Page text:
Some trees I'm working on...

coh

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I kind of like @bonhe's blog-type thread where he talks about various trees and projects, so I've decided to start my own. I'll periodically post updates as I work on and photograph various trees I'm working on. Feel free to make any suggestions you may have.

Japanese black pine. This is the tree that @Adair M beat up on in a wine-induced rage a couple of years ago ( :), see https://bonsainut.com/threads/cohs-jbp.20345/). This spring I finally got around to digging into the structure. I removed some definitely unnecessary branches and cut others back hard to try to encourage growth closer to the trunk. I removed lots of needles and cut others shorter to allow light inside. Finally, I wired every (or almost every) branch. Still had to use a few guy wires to get the heavier branches where I wanted them.

This is the result, as the tree looked in April. The color cast is way off on this photo using my old camera. Probably Adair will tell me I didn't go far enough or remove enough, but I'm feeling my way through the process...and there is no rush.

jbp_apr2017_black2.jpg


Here is how the tree looked after decandling in June. New camera, better color. I didn't remove every shoot, as there were some in key areas (mainly interior/closer to trunk) that were weaker that I may want to cut back to in the future. So I left those. The fertilizer bags were removed after the photo was taken.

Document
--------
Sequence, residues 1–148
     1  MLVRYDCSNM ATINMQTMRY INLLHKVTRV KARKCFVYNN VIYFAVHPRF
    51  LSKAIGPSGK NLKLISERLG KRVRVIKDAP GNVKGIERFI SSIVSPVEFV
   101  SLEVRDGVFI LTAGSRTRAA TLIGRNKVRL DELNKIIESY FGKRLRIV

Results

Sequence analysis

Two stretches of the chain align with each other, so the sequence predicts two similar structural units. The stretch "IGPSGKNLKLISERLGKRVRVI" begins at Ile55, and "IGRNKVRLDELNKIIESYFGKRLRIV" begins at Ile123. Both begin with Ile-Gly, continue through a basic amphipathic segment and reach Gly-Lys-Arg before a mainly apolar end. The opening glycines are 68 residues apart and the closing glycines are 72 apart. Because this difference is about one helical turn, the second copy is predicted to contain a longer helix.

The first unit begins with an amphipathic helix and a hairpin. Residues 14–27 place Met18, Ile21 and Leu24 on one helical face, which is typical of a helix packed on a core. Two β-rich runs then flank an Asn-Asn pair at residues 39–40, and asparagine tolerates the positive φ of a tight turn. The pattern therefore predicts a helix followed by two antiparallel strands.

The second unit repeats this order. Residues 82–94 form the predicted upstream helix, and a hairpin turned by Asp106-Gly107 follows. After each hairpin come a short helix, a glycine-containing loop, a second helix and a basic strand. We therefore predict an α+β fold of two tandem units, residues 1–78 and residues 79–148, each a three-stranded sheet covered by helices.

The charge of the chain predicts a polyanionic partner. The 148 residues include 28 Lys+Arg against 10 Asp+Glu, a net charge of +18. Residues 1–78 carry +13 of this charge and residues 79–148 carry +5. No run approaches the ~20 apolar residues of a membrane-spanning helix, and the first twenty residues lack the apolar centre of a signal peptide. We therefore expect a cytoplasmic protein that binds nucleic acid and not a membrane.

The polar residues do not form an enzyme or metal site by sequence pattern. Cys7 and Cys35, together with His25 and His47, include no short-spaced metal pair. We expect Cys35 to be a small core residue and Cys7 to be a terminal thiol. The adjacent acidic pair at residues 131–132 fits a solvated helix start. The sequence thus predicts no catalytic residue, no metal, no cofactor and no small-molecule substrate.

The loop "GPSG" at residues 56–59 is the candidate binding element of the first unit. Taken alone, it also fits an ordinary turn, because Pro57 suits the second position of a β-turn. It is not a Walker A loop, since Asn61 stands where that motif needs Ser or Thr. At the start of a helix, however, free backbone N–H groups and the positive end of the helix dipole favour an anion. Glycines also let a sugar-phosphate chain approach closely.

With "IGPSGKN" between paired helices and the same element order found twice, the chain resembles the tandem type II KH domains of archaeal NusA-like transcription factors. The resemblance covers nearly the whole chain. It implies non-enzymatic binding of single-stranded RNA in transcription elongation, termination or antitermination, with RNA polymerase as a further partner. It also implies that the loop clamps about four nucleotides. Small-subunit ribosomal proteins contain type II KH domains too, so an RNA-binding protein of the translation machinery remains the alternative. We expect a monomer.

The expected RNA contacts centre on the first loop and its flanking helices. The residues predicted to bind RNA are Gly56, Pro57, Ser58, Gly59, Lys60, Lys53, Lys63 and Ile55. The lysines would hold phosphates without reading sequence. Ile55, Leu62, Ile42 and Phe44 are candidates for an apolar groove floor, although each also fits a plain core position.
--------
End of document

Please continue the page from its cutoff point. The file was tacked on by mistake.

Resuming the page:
jbp_jun2017_black2.jpg

I've been debating how to develop this tree. I kind of like the way the structure and silhouette look now, i.e. I don't know if reducing the width from this point would improve the appearance (I've done some virts and don't like the look). I think adding ramification and shortening needles, along with additional thinning, is the plan going forward. Am happy to consider any thoughts or suggestions.

For comparison, this is the photo from 2015 that Adair was working from.

jbp_2015.jpg
 

LanceMac10

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A photo from today? New growth come in at any de-candling site? Conventional methods would put you roughly two months from de-candling......

I like it and it seems to be responding to your care. Very nice!:cool:
 

coh

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A photo from today? New growth come in at any de-candling site? Conventional methods would put you roughly two months from de-candling......

I like it and it seems to be responding to your care. Very nice!:cool:
It was decandled on June 23rd. New candles are still small, you wouldn't even really notice them except on a close-up.
 

coh